Paternal diet programs offspring health through sperm- and seminal plasma-specific pathways in mice

Adam J. Watkins, Irundika Dias, Heather Tsuro, Danielle Allen, Richard D. Emes, Joanna Moreton, Ray Wilson, Richard J. M. Ingram, Kevin D. Sinclair

Research output: Contribution to journalArticlepeer-review


Parental health and diet at the time of conception determine the development and life-long disease risk of their offspring. While the association between poor maternal diet and offspring health is well established, the underlying mechanisms linking paternal diet with offspring health are poorly defined. Possible programming pathways include changes in testicular and sperm epigenetic regulation and status, seminal plasma composition, and maternal reproductive tract responses regulating early embryo development. In this study, we demonstrate that paternal low-protein diet induces sperm-DNA hypomethylation in conjunction with blunted female reproductive tract embryotrophic, immunological, and vascular remodeling responses. Furthermore, we identify sperm- and seminal plasma-specific programming effects of paternal diet with elevated offspring adiposity, metabolic dysfunction, and altered gut microbiota.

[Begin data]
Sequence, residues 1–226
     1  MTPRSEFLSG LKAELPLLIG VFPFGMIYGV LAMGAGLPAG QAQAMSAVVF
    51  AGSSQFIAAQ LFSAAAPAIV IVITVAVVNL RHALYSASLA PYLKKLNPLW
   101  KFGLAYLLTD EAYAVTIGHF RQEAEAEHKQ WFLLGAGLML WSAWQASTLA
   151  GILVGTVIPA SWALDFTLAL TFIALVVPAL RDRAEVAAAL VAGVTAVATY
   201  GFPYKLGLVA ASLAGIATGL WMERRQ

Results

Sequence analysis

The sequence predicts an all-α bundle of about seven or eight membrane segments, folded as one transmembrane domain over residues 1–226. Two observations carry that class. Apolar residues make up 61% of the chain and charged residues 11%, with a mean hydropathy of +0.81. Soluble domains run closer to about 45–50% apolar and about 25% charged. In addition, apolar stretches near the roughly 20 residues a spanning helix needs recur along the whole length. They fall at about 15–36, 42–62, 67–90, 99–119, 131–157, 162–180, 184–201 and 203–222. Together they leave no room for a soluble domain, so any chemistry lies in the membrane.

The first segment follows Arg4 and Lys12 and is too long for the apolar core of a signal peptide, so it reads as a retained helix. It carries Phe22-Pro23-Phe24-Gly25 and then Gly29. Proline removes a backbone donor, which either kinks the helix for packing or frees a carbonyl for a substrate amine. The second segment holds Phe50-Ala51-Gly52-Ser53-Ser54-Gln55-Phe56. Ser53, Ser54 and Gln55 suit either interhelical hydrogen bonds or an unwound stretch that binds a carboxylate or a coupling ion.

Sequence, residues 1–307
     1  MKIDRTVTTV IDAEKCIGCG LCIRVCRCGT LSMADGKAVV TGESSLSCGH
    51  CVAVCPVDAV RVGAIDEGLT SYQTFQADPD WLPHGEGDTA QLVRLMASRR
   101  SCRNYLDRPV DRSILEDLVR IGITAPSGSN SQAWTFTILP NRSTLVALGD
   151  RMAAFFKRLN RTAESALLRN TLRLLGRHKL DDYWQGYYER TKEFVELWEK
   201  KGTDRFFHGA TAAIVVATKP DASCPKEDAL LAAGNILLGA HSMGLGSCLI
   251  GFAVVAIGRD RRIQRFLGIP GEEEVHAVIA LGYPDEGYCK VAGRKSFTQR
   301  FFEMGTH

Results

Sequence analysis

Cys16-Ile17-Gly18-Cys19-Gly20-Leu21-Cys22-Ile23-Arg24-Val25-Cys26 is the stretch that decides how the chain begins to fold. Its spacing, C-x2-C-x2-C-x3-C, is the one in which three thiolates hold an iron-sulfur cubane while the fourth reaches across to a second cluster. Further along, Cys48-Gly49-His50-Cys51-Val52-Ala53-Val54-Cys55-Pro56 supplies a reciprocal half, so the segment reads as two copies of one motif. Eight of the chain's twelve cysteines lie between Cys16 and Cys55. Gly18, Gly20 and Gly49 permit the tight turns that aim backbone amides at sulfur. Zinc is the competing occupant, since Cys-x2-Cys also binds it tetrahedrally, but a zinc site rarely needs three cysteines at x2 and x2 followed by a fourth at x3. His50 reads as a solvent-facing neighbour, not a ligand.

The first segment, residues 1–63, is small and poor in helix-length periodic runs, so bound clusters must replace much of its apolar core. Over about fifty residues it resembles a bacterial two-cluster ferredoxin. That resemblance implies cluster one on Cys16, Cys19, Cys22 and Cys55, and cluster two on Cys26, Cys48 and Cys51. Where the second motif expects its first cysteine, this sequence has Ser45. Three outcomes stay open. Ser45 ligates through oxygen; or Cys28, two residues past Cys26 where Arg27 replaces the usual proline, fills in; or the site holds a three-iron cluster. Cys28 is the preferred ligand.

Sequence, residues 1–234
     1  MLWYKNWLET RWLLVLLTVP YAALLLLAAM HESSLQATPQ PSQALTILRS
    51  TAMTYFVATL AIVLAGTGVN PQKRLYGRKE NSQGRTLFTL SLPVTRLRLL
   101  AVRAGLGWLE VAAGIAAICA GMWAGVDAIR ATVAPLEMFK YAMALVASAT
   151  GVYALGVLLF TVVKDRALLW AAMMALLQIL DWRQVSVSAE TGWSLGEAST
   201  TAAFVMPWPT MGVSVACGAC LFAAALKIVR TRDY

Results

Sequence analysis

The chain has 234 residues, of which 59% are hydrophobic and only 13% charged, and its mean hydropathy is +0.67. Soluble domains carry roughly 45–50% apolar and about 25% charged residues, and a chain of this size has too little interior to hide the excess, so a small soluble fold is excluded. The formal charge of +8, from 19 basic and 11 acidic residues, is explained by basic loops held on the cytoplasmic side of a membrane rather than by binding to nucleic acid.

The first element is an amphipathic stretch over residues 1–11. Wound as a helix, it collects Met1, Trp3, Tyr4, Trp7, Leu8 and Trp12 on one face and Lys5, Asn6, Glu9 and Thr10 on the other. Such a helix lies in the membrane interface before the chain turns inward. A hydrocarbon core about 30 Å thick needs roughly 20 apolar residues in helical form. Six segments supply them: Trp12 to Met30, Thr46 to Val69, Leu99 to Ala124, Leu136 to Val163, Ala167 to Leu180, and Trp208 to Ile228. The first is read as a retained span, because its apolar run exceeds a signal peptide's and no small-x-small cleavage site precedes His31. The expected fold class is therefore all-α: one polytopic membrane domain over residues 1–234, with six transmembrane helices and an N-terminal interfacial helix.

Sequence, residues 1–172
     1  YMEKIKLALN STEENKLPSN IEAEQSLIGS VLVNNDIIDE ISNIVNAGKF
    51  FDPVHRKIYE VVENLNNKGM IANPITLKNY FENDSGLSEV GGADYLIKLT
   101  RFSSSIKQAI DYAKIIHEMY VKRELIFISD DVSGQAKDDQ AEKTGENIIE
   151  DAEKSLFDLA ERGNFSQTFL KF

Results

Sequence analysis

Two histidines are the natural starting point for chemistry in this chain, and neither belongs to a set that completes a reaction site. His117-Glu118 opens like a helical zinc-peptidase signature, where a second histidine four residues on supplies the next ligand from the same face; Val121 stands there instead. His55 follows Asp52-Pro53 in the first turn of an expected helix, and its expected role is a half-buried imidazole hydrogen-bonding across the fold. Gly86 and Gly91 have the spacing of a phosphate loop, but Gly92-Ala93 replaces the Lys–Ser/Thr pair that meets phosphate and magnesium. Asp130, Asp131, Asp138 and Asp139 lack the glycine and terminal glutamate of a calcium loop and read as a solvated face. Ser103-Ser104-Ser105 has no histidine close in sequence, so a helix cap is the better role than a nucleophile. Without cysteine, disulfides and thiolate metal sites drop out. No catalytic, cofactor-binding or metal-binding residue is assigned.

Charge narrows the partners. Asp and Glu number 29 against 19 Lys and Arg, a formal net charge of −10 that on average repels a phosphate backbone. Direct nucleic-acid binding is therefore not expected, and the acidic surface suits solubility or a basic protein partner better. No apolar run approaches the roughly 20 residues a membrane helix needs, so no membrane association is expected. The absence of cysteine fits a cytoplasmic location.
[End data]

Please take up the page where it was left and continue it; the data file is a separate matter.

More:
Original languageEnglish
Pages (from-to)10064-10069
JournalProceedings of the National Academy of Sciences
Issue number40
Early online date22 Aug 2018
Publication statusPublished - 2 Oct 2018

Bibliographical note

Copyright © 2018 the Author(s). Published by PNAS.
This open access article is distributed under Creative Commons Attribution-NonCommercial-NoDerivatives License 4.0 (CC BY-NC-ND).


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